The result is that rather than fixate on the dividend, we analyze and value each company as if it was just another stock. Dividends should be part of the equation but never the only variable in the analysis. This way we are process-driven. We build models to stress each company as though it was just another stock we were analyzing.
We scoured through the global universe of stocks, looking for companies that met our uncompromising standards: high-quality (by the metrics we apply to all our companies) and undervalued. The company might not be as undervalued as companies in our core portfolio, but it still has to have a margin of safety. We will not buy an overvalued company just to capture a high dividend. It has to have a good balance sheet with bond maturities spread out well into the future.
It must be able to maintain and grow its dividend in the long run, through recessions and expansions – the dividend has to be all-terrain – therefore the demand for the company’s products and services has to be very stable. The company cannot be a “melting ice cube”, a business built on older, out-of-date technology. The dividend has to be well covered by earnings and cash flows, and the company must still have capital left to reinvest to grow its business.
Companies in this portfolio have different requirements than our core portfolio. Their goal is to produce and grow their dividends. Price appreciation is secondary, but at the same time they have to, absolutely have to, be undervalued. (Today, because of the market decline, these stocks are very, very cheap.)
Our goal is not to reduce the volatility of the portfolio – that is not our concern –but to reduce (and if possible, to eliminate) the volatility of the dividend (though of course we cannot guarantee that). We want this portfolio to provide stable and growing income and to lock in the current dividend stream long into the future.
Today, this portfolio has no REITs, (US-based) banks, MLPs, or oil stocks – we wanted it to be built of super-high-quality dividend-generating companies (though we may do some tweaking in the future). It is less diversified than our usual portfolio, because we made a deliberate choice to avoid certain industries. For instance, you’ll never convince me that the dividend of a company like General Motors is sustainable through thick or thin, and thus you won’t see auto and other cyclical industries in this portfolio. It is a global portfolio, and thus we create some global diversification.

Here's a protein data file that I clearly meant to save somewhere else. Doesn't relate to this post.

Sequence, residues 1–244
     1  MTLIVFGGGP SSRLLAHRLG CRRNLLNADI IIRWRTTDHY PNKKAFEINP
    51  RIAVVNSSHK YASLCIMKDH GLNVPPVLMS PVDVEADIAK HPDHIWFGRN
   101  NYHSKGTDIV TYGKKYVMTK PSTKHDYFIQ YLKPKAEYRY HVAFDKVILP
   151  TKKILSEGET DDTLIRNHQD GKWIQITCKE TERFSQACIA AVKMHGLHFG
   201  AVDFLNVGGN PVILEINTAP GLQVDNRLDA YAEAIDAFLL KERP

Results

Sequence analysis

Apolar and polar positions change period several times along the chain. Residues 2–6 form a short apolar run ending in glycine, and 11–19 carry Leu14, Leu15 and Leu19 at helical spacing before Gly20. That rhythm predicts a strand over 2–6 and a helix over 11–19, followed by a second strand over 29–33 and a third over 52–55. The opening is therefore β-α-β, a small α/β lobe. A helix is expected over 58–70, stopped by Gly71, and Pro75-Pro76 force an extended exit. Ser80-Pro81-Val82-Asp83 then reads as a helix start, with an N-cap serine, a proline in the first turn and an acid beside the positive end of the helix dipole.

We came up with two versions of the dividend portfolio: One incudes tobacco stocks and yields about 6.4%, and the other one excludes them and yields 5.2%.
Investing is not something we do just for a living, it is something we deeply love and care about (see our Soul in the Game manifesto); and thus we’ll never offer a service or a product that we are not willing to consume ourselves. Therefore, I’ll invest my own money into this product – if it’s good for IMA’s clients it should be good for me.
I don’t know how long the market will stay at this level – it may go lower, or it may go higher. When we feel that stocks in the portfolio are no longer cheap – which could happen next week or two years from now –we’ll close this All-Terrain Dividend Portfolio to new clients. I will not sell polluted water just because people are thirsty. Rule number one at IMA: Do no harm.
If you are interested in The All-Terrain Dividend Portfolio, click here and mention that you’re “Interested in ATD” and we’ll email you additional information. This is brand new to us and we did not have time to develop materials beyond what I wrote above (and probably won’t for a while – we are too busy focusing on research). This approach will still follow our Active Value Investing philosophy (we own, or have owned in the past, some of the stocks that will show up in the All-Terrain Dividend portfolio) that we outlined in our brochure.